When Your Child Leaves Home & The Empty Nest

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samcyn“Oh, you’re an empty nester? You must be so lonely!” “Oh, she moved to ENGLAND??? You must be devastated!” “She’s gone for TWO years? How will you ever cope?”

These are the comments I’ve received in the past few months from well-meaning friends and family when they found out that my daughter and son-in-law would be moving to the UK to work for a couple years. I’ve heard it over and over again and yet, each time, it really comes as a bit of a shock. First of all, who SAYS that to someone? Are those questions and comments supposed to be helpful? Secondly, it doesn’t really reflect how I’m feeling at all.

I wrote another post back on Mother’s Day about how I was feeling at that time, thinking ahead to her wedding, graduation from Teacher’s College, and moving away to the UK. I thought it would be appropriate to follow up now that she’s been gone for a month. You see, my reaction when my daughter told me she had received a job offer to teach in the UK and would be moving there for a couple years was “OH MY GOSH I’M SO EXCITED FOR YOU!”  Seriously. It wasn’t me sobbing my eyes out and it wasn’t me sinking into a depression. And it still isn’t. She’s living out a dream. What more could I want for my child?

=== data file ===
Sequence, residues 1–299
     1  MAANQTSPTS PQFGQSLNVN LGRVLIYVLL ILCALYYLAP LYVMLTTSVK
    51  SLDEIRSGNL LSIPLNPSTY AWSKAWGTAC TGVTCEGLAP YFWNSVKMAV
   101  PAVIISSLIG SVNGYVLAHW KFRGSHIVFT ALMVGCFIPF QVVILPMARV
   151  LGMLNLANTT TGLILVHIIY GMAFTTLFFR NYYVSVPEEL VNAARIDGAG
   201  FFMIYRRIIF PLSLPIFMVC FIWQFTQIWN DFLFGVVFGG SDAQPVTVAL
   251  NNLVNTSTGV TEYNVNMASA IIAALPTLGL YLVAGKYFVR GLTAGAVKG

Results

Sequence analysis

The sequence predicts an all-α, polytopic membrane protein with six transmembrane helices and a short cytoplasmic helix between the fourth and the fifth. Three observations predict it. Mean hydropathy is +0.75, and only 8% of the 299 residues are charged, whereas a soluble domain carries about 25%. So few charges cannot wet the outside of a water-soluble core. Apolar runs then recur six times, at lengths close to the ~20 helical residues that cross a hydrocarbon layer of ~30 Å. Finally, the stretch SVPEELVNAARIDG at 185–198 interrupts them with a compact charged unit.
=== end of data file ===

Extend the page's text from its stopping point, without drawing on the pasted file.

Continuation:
Did I think I would miss her? Of course! Do I miss her? Of course! But I’m not sitting around, waiting for her to come back to Canada so I can begin my life again. To be honest, not only is my daughter faced with all kinds of amazing opportunities now that she’s working in the UK but I feel like there are some opportunities waiting for me now too. Does that sound selfish? I don’t mean it to be. Ideally, she’d be living across town or a few hours away but that isn’t our reality. So, why shouldn’t we both be taking full advantage of the situation and trying to get as much out of it as we possibly can?

As for those well-meaning comments, perhaps we should all be trying to encourage each other instead of potentially adding to any sadness a soon-to-be or current empty nester is feeling. Asking me how I feel about it instead of projecting emotions onto me is a much better approach. (Think empathy not sympathy!) Rejoicing with me over my daughter’s awesome opportunity is great too. I also really appreciate those who have asked me what I plan to do while she’s away – in a positive way that acknowledges that this new phase in my life can be celebrated rather than mourned. It’s important that we give our children roots and wings – it’s also important that we allow both of those precious gifts for ourselves.

What about you? What are you feeling about the empty nest?

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